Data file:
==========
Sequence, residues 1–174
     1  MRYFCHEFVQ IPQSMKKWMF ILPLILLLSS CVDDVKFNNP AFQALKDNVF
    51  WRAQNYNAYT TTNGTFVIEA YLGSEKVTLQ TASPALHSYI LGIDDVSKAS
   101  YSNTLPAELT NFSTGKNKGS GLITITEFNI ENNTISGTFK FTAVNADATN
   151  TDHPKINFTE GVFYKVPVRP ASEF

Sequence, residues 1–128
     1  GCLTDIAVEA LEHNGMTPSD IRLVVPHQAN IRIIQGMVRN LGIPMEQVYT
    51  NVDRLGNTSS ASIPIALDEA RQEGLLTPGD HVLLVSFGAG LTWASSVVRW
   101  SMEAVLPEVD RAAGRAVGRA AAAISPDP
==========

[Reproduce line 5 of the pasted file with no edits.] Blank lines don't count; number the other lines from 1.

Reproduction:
   151  TDHPKINFTE GVFYKVPVRP ASEF